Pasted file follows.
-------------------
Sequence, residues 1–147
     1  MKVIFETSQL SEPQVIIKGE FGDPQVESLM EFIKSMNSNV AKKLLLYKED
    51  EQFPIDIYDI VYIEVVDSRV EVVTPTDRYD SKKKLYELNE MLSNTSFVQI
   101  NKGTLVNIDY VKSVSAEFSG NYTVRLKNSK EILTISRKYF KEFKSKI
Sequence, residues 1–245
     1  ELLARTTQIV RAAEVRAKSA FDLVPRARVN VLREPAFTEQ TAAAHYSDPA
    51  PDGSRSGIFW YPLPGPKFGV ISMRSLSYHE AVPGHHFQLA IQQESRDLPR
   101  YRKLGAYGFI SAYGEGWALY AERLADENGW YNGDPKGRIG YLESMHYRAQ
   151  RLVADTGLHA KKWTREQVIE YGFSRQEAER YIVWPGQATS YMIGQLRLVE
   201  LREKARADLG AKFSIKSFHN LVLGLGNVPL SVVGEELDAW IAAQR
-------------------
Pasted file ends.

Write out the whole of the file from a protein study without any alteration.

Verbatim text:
Sequence, residues 1–147
     1  MKVIFETSQL SEPQVIIKGE FGDPQVESLM EFIKSMNSNV AKKLLLYKED
    51  EQFPIDIYDI VYIEVVDSRV EVVTPTDRYD SKKKLYELNE MLSNTSFVQI
   101  NKGTLVNIDY VKSVSAEFSG NYTVRLKNSK EILTISRKYF KEFKSKI
Sequence, residues 1–245
     1  ELLARTTQIV RAAEVRAKSA FDLVPRARVN VLREPAFTEQ TAAAHYSDPA
    51  PDGSRSGIFW YPLPGPKFGV ISMRSLSYHE AVPGHHFQLA IQQESRDLPR
   101  YRKLGAYGFI SAYGEGWALY AERLADENGW YNGDPKGRIG YLESMHYRAQ
   151  RLVADTGLHA KKWTREQVIE YGFSRQEAER YIVWPGQATS YMIGQLRLVE
   201  LREKARADLG AKFSIKSFHN LVLGLGNVPL SVVGEELDAW IAAQR